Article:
Sounds of Silence: A New Way of Listening

“Listen to silence. It has so much to say.” ~Rumi

“I have always loved the desert. One sits down on a desert sand dune, sees nothing, hears nothing. Yet through the silence something throbs, and gleams…” ~Antoine de Saint-Exupery, The Little Prince

I watched a wonderful movie recently called In Pursuit of Silence. The film has been called “a meditative exploration of our relationship with silence, sound and the impact of noise on our lives”. It opens with 4 minutes and 33 seconds of silence, with the image of a lone tree in a cornfield and the barely perceptible sound of a gentle breeze moving through the cornstalks. That’s in honor of John Cage and his conceptual orchestral piece from the 1950’s, in which conductor and musicians are to maintain 4 minutes and 33 seconds of silence.

Cage was exploring the idea that all sounds are music, and he believed that we need to learn new ways of listening. In speaking about the premiere of the piece, Cage said, “There’s no such thing as silence. You could hear the wind stirring outside during the first movement. During the second, raindrops began pattering the roof, and during the third people themselves made all kinds of interesting sounds as they talked or walked out.” [one can only imagine!]

So, the film got me thinking. It seems to me that what is needed in the world today is for more people to practice listening in the kind of silence that allows for meaningful connections to be made (connection to self, to others, and to Divine Wisdom) so that understanding may arise. There’s a great scene in the film that shows footage of some recent news talk shows where several political commentators are talking boisterously over one another so vehemently that you can’t possibly understand what anyone is saying. We need to learn new ways of listening, and of being with silence.

So, what can we hear in the silence? I feel connected to the mysteries of the cosmos when I am immersed in the silence of nature, for starters. Like gazing at the vast night sky on a starry night by a mountain lake. Or experiencing the stillness in the midst a gentle snow fall. Standing in a sea of tiny white flakes as they fall softly on the trees or on the ground, one is wrapped in a blanket of silence that feels like eternity.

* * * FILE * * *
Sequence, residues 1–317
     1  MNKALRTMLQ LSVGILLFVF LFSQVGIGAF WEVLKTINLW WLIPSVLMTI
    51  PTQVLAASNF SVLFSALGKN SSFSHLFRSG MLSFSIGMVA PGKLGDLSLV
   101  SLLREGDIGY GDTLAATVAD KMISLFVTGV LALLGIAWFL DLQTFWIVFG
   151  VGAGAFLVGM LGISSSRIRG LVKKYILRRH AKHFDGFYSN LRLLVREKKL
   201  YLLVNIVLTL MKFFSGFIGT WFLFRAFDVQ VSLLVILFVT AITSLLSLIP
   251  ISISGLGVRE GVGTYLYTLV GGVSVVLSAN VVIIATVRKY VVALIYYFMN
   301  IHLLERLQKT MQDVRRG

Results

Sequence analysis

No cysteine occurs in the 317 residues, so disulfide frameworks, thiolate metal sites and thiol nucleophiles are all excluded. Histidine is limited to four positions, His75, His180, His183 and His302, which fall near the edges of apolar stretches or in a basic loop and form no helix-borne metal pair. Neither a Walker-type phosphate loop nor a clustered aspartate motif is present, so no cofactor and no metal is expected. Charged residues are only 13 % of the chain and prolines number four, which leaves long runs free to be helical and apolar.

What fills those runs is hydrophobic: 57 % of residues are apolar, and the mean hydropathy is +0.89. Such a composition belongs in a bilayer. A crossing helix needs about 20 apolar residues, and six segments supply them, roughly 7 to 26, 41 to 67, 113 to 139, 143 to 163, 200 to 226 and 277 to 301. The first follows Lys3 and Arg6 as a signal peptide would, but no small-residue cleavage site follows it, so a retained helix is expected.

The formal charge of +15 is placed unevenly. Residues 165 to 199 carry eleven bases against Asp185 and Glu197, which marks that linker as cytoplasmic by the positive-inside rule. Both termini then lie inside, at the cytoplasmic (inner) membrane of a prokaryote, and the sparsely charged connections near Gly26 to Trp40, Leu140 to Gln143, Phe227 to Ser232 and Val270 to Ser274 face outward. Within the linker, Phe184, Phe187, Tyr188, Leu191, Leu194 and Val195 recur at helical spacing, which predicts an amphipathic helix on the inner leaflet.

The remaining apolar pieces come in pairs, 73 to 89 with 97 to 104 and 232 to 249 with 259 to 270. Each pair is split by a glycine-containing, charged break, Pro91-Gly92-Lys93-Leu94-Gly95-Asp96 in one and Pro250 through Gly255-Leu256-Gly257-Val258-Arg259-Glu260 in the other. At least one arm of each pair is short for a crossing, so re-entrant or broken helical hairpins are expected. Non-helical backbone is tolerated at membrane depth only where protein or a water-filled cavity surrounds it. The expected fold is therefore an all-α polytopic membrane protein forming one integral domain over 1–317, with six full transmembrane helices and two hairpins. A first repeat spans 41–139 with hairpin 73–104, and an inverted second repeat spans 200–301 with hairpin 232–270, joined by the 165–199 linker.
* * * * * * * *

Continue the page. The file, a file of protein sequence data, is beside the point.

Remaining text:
What else can we hear in the spaciousness of silence? When we retreat from the outer noise and enter into a sacred silence, we invite an inner listening to the still small voice and we may hear our heart speak its truth, its joy, its sorrow, its needs and desires, and the deep wisdom within. We connect with some authentic truth at the core of ourselves, and from this place we connect more authentically with others. Or, in silently gazing into another’s eyes, we may hear beyond what words could ever express and connect heart to heart.

If we are silent and we listen very closely, we may hear the poetry in our soul. I love fridge word magnets. They coax my inner poet to come out of hiding and play. I’m always surprised and delighted by what will emerge onto my fridge. My favorite random word creation is:

“Celebrate poetry, said the ocean. Listen to the vast night sky!”

Yes, indeed, the ocean has much to say, if we listen carefully. May we all learn new ways of listening and appreciate the gifts of the sounds of silence.

Photo by Joanne Lefferts: Rowing the Lower Ausable Lake

This entry was posted on October 29, 2017. 1 Comment

Interfaith Spiritual Direction ~ An Invitation

“Spirituality is the art of homecoming” ~John O’Donohue

Some of you may know that I have embarked on a program of study in Interfaith Spiritual Direction at the Chaplaincy institute in Berkeley. To fulfill the practicum requirement as a student intern, I will be offering free Spiritual Direction sessions to someone willing to meet with me once a month for 12 months, beginning in November. If you know someone who might be interested in embarking on this adventure with me, please forward this invitation.

We live in challenging times, in a world filled with noise and distraction, where it’s easy to lose touch with what is most essential. The greatest gift we can give to ourselves, and to the world, is to become centered in our own spirituality. Spiritual Direction offers the space for exploration and discovery of our own spiritual dimensions, and helps us to deepen our connection with the divine.